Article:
There is a colossal church in the center that is worth peeking into if you are a fan of churches. They have free maps that point out the main areas of the grounds. They do have guided tours, and an app that you can download. I used a paper map they gave me at the funeral museum as my guide.

I saw what I came to see, but would like to spend another day there in the future. I grabbed the tram to head to my next stops which were in the same building at the Austrian National Library.

First up was the Esperanto Museum. I have been aware of Esperanto for a while and am always fascinated by an attempt to make communication easier. The main problem I have with Esperanto is that like all other languages besides English, I don’t speak it. The idea behind it was noble, to bring the world together by increasing communication. I’m not sure it will ever happen. Maybe a future of nothing but emojis will come close, but that doesn’t solve the problem of speech.

Espertanto CongressLabor Olympics


The museum is small, but has some very cool items in its exhibits. It has info not only on Esperanto but also other created languages. It is an interesting stop if you are interested in languages.

In the same building and on the same ticket (along with the Papyrus Museum at another location I didn’t get to this trip) is the Globe Museum. It has more globes in one location that I have seen in my entire life and I have a geography degree. If you are a history or geography nerd, you need to see this!

The sun goes down early at this time of year, so when I was done with the globes, I made my way back to the area around my hotel to find some dinner and other supplies and plan for the next day which would take me to Slovakia for the day.





Buchs To Vienna By Train

I decided since I was going to be so close to Austria while visiting Liechtenstein, I would use the opportunity to visit Vienna. It would be a quick trip, just and day and would require a full day of travel from Buchs in Switzerland, but I considered it a fact-finding mission for a future trip.

The train left from Buchs and traveled through Liechtenstein and then to Austria. As we got into the mountains of Austria it was snowing and the route for the next hour or so turned into a live action Xmas card. Living most of my life in the American South, snow is always a novelty. It is even more appreciated when I don’t have to drive or work in it.


The train slowed a bit in the mountains, I’m not sure if the snow had anything to do with it, but we arrived in Innsbruck a few minutes late. It has been my experience that European trains run on time. I wasn’t really thinking about transferring between trains in Innsbruck when I booked this trip. The window of transfer was very small. By the time I got off of my train and found the car I was supposed to be in, I was surprised to find that the door wouldn’t open. I soon realized the reason was that it was leaving without me.

This was not the train that left me. 

In most parts of America missing a train will mean waiting another 12-24 hours for the next one. Since I was in Europe, there was another leaving for Vienna in about an hour. I got booked on that one and grabbed lunch at the station while I waited for my new train.

The next train arrived on time and the journey to Vienna continued without any delays. I arrived early in the evening and made my way to the hotel. I checked in, walked to the neighborhood store for supplies, and plotted how to attack my full day in Vienna.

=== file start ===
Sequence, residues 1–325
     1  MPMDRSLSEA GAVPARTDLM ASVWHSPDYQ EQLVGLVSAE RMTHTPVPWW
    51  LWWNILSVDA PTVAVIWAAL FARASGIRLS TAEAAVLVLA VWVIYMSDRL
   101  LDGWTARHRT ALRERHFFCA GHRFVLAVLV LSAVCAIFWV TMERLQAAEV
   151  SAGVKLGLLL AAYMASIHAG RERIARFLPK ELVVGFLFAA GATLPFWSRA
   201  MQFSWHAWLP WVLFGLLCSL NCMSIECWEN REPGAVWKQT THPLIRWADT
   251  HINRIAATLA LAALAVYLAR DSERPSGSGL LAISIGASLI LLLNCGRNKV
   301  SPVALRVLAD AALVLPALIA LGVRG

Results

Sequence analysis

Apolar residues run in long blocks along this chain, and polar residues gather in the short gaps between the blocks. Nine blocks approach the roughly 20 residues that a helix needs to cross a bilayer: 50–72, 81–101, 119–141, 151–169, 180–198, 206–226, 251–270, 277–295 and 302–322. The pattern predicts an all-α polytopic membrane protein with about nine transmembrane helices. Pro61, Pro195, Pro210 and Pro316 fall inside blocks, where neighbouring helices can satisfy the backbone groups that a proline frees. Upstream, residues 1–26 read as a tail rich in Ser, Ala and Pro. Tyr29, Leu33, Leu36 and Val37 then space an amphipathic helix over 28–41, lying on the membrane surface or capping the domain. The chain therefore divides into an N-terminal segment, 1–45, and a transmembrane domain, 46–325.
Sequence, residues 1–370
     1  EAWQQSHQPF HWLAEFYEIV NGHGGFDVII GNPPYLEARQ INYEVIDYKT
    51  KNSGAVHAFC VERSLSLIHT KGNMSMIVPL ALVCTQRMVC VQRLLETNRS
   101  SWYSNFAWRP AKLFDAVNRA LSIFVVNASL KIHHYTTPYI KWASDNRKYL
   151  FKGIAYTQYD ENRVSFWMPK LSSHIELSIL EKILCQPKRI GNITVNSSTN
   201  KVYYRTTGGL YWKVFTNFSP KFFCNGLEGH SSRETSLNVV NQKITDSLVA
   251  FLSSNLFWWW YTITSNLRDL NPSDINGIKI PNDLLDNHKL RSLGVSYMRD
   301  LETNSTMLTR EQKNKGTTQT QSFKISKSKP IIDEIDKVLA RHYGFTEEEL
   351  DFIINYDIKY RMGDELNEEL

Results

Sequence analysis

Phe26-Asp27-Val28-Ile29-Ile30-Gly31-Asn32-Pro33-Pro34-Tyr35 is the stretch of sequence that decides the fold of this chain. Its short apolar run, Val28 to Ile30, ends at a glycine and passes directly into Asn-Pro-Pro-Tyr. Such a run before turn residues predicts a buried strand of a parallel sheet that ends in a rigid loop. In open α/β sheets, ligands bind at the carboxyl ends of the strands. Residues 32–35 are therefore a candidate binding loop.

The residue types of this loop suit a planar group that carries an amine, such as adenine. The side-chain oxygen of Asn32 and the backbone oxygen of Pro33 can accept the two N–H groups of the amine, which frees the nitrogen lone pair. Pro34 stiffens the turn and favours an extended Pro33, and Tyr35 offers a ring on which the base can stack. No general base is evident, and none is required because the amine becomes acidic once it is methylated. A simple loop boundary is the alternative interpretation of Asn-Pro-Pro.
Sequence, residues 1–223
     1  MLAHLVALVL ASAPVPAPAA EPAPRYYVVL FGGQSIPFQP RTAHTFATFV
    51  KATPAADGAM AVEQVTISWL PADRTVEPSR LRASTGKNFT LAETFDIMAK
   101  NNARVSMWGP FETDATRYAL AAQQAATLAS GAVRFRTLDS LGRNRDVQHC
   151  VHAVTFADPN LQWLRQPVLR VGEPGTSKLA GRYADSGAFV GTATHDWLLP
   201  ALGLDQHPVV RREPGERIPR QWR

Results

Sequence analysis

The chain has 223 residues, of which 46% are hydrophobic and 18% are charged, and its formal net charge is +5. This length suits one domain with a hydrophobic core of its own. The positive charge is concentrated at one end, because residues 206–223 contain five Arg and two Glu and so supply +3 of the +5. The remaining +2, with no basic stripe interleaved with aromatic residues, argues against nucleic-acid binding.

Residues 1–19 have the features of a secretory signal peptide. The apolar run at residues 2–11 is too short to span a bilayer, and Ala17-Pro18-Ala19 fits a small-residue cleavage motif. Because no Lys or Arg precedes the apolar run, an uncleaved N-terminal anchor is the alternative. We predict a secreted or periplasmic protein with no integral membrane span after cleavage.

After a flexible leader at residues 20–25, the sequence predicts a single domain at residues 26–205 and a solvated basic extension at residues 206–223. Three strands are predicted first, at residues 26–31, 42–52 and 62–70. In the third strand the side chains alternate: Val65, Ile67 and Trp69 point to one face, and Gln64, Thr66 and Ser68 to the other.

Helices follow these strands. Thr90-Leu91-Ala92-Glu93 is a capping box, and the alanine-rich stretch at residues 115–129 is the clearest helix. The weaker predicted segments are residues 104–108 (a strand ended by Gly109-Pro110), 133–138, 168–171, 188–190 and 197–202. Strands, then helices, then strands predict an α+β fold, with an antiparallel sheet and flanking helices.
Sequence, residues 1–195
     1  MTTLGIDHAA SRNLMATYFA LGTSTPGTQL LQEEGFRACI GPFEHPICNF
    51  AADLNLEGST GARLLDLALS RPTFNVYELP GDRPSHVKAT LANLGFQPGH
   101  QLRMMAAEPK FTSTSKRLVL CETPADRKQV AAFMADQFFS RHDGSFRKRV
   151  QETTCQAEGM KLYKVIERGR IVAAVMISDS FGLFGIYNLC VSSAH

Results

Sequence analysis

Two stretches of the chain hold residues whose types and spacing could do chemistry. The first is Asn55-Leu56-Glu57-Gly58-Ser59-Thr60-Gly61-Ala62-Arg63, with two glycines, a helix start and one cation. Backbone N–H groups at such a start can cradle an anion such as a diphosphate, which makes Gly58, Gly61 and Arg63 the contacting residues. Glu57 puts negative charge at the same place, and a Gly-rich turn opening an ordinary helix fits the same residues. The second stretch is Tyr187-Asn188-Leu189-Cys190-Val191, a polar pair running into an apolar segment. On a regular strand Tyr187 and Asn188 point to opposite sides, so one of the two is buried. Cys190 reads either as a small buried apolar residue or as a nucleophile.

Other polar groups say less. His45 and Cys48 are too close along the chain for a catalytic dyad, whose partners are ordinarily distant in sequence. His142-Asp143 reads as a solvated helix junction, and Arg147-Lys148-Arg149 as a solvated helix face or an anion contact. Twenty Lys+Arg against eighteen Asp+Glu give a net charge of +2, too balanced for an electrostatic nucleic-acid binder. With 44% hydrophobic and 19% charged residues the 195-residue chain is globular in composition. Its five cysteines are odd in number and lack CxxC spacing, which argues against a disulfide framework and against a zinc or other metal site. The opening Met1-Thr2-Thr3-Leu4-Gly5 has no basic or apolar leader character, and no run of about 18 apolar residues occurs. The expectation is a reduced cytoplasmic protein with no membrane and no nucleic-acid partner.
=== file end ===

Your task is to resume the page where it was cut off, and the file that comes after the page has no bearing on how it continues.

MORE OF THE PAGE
The Austrian Federal Railways trains were fairly modern, clean, and comfortable. All of this was good since I spent about 8 hours that day on them. In hindsight, I probably should have not spent so much time on the rails for such a short trip, but this was all brand new for me. The trip from Buchs to Innsbruck through the mountains was scenic enough to make it worth it. I only wished I had gotten better photos from the train.

Central Europe New Year’s 2017-18

I am spending 10 days in Europe over New Year’s, I know…. I just got back from Europe, but I got a super deal and it’s over the New Year holiday, which also happens to include my birthday.

Here’s some info on this trip:

  • CHA to ATL to CLT to JFK to ZRH on Delta. Flew from home to CLT instead of driving. I’m happy with that decision even though it added a night at a hotel.
  • Books: None. I’m reading a bunch of magazines that came in the mail during my last trip.
  • Music: To The Outside of Everything-A Story of UK Post-Punk 1977-81 (Just got that one in before Xmas), Slade B-Sides, and James Brown In The Jungle Groove.
  • TV: None, I’m going to read.
  • Guide Book: Lonely Switzerland, Lonely Planet Fast Talk German, Lonely Planet Pocket Vienna.
  • My Mother’s Biggest Fear: nothing this time.
  • My Biggest Fear: That my new larger suitcase will encourage me to buy too much stuff. Excess baggage fees.
  • Plans: Zürich for a few days over New Year’s, Lichtenstein for a day and a half, Vienna, maybe a day trip to Bratislava, Slovakia, back to Geneva. Probably too much rail travel, but it should be very scenic.

My one day in Geneva last month got my interest up in exploring more of Switzerland. I had a flight to Zürich booked in July and decided to use that to see a little of Central Europe by rail. I’m looking forward to eating Swiss food, sampling wines from the Prince of Lichtenstein’s vineyards, seeing Vienna, adding to my Euro coin collection, and just doing my usual nerdy museum visits. I found out they have an Esperanto museum in Vienna. I wish I spoke Esperanto, but that’s probably just me hoping it would be a cure for my lack of a second language. I do speak English, and that is probably as close to a world language as we have right now. I really lucked into being born in the time and place that I was.